The Ramen Competition…
It is time for a College Survival Recipe and after that a Challenge to you the reader. Might as well make this a little fun and give you an idea for how to have some fun with friends and family, or at least at their dietary expense. The ingredient, one that we all love and hate: Ramen Noodles… The simple part of the challenge is to make them eatable. More on that later. Either way, love them or hate them, for a broke college student or young adult or in our house a teenager’s staple, they provided a mean to “survive” many days. While some will argue that survival is a pretty liberal term used here, Ramen does stave off pangs of hunger.
The recipe provided here is not the traditional Ramen Soup as seen on the package. Below I provide a list of ingredients to add and a different way to cook the noodles. In college I did not have these added ingredients, so although this is a Ramen dish, you may argue that it is not much of a college dish. The method of cooking is strictly a college application as that is when I was taught this way of preparing a noodle dish. Therefore I call it college because of the base ingredient Ramen. Do I call it Ramen Gourmet? NO WAY!
So where did this combination of ingredients come from? Easy this is from having some leftovers in the fridge and not wanting to eat them in the same way again and seeing what was available in the kitchen. The ingredients:
- Ramen (2) – On this day Chicken Flavored, used both flavor packets
- Toasted Sesame Oil (Hot)
- Diced Onion
- Garlic Powder (Optional) – I like minced garlic but didn’t have on hand.
- Soy Sauce (Optional) – Was in the fridge.
- Cooked Chicken Strips (2) – Diced, Seasoned?
So we had a couple of chicken strips left over from a couple of nights before. Just so you know the amount of chicken was about 1/3 of a breast piece. The chicken is spiced with some rub and grilled on a George. I have found that a citrus-cilantro rub on the chicken actually enhances this recipe. It really doesn’t matter how or if the chicken is seasoned.
There are some optional ingredients listed above and below in the garnish section. They are strictly a personal taste issue. Really everything but the Ramen could be considered optional if you wanted, but I kind of like this dish.
I used the following items while cooking:
- Stove top
- Wooden Spoon
- Cutting Board
- Bowl & Fork
Start off by adding a little oil to your skilled and put it on to heat. Again you don’t need the oil I used but it does add a good flavor. You could use a little olive or vegetable oil instead. While the oil and skillet is getting hot dice up the onion. As you can see in the picture you don’t have to have a fine dice on the onions. Once diced add to skillet and sauté as desired. For me I like to have the onion translucent.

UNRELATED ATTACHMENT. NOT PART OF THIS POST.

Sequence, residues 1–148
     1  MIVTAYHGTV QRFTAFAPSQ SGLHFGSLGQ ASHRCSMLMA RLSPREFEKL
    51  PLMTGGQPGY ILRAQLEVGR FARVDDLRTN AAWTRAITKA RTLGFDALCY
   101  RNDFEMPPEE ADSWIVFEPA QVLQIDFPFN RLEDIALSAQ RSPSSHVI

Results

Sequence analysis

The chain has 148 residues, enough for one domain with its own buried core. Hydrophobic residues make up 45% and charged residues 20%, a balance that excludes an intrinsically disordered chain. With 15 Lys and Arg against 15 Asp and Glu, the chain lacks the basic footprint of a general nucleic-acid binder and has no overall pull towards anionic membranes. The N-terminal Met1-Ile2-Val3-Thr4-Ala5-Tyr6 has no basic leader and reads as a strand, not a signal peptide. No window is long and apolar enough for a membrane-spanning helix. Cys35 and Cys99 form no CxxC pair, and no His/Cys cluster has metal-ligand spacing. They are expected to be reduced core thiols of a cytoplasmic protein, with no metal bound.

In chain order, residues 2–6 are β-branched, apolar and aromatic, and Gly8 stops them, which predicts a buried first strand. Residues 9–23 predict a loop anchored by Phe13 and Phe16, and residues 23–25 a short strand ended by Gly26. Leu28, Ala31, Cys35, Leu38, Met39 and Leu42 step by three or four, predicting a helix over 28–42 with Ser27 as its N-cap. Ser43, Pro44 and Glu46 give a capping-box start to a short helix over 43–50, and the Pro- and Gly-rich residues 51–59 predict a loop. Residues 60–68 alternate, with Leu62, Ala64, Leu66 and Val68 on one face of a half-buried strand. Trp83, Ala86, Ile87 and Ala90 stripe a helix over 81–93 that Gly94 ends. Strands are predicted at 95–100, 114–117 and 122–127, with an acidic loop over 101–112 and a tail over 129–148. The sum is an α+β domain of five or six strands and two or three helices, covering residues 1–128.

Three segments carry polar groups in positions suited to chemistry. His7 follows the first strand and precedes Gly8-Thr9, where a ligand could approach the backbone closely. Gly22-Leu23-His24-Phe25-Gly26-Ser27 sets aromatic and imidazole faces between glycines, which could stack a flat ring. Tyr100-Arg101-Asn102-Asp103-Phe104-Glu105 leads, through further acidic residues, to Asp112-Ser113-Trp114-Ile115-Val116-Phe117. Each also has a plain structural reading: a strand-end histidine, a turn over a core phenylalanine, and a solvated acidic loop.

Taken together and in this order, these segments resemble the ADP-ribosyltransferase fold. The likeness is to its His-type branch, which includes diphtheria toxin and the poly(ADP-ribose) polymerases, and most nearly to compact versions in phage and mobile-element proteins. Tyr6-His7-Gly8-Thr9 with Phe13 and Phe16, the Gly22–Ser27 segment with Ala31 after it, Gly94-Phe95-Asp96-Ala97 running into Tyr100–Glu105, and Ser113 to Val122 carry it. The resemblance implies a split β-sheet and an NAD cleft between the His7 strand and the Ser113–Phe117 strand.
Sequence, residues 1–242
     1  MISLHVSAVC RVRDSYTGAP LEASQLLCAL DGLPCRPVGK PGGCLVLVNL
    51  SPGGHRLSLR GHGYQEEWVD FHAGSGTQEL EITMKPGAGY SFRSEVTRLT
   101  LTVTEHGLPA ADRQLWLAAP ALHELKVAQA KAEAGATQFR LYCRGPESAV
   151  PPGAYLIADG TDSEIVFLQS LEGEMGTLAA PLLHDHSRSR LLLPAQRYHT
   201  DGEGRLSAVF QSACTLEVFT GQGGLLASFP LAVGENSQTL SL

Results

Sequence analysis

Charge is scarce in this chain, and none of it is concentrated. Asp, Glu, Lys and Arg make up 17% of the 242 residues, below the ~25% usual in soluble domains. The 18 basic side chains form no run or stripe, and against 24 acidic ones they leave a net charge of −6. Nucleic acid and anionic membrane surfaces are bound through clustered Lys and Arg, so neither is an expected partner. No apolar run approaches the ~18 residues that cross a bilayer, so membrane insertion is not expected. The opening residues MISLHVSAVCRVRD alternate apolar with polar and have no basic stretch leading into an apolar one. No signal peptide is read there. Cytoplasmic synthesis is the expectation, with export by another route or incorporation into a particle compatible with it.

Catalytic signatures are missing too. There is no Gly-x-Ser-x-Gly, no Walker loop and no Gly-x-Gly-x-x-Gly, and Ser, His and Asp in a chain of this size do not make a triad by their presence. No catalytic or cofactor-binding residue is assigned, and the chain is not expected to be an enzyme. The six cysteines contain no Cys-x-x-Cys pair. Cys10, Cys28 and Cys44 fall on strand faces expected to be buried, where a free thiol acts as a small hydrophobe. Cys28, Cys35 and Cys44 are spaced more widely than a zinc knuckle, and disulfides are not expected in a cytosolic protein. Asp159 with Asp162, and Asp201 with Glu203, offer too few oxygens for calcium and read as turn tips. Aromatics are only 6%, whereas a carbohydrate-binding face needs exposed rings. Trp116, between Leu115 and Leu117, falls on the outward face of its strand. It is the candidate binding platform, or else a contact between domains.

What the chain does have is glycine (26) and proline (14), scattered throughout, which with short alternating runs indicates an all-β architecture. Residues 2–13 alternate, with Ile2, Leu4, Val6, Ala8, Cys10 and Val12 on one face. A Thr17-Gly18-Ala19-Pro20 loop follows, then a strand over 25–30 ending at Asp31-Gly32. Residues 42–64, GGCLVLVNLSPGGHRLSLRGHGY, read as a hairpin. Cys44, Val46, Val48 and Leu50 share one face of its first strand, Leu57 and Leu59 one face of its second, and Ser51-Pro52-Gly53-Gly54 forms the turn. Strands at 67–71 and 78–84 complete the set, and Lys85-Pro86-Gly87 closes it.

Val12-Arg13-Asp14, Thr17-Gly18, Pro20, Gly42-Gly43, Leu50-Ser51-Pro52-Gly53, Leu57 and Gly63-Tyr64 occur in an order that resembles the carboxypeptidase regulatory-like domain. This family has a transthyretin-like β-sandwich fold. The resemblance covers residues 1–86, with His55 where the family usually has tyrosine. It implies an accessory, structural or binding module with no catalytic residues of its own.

Once you have the sauté on the onion take the skillet to the sink and add water. This is where it gets a little subjective on the amount. I have never measured the amount. I add enough water to where it is about 2/3 of the thickness of the Ramen. This will vary based on the size of your skillet so it may take some trial and error on your part. The good thing about it is that it really doesn’t matter much. So don’t worry about it. Relax. Put the skillet back on the stove top and turn up the heat to high. Add the Ramen and their flavor packets to the water. Also add garlic powder and soy sauce to taste… well to match your tastes since you will not really be tasting at this point.
While the water is heating up to a boil you can dice the chicken.
Once the Ramen begin to soften a little in the water flip them. Let them cook a little bit more so that they become loose. When you can start stirring them around in the water do so. This will mix them with the water and added seasoning. You will continue cooking the noodles until most of the water has either been absorbed into the noodles or boiled off. For me I like this dish to be mostly dry so I do not leave if very soupy in the skillet. Again this is a personal issue and may take you some trail and error.
After boiling off most of the water add the chicken to the dish. I then stir in the chicken so that it become thoroughly heated and the last bit of water, that I wish to have removed from the skillet, boils off. This should not take more than 30 seconds to a minute, but don’t worry if you want to do it for longer or decide to boil off more water.
Once heated and fully mixed slide the mixture into a bowl for eating. As you can see it is not really soup anymore, but a noodle dish, so I use a fork to eat my Ramen.
Season how you like. I like a little more spice in mine so I add Sriracha. It really is up to you and what you have available to add. Some suggestions include:
- Green Onion
- Crushed Peanuts (Note, I have added peanuts in the cook before and I like them that way too.)
- Crushed Cashews
- Soy Sauce
- Citrus Juice (Lemon or Lime)
I like adding the nuts to the top as a garnish because it adds a little crunch to the dish. I just didn’t have any this day.
OK, so here is a challenge. Get some Ramen packages and invite your friends to your house for a cooking challenge. Hand them each a package and tell them they have to use both the noodles and flavor packet completely, but otherwise can add whatever they can find to enhance the dish. Figure out your own “Chopped” rules or timing schedule for use of the kitchen. Sit back and enjoy the results. Of course you will have to have some ingredients they can use. Can’t really throw them at a fridge with only a few condiment packages and beer in it… That is the typical college fridge though so maybe that is a good challenge.
If you liked this recipe please let us know in the comments. If you try it and figure out new ways to make it better please let us know. We would love to enhance our own creations.
So sit back, relax, and have ABigBeer while you enjoy the results.
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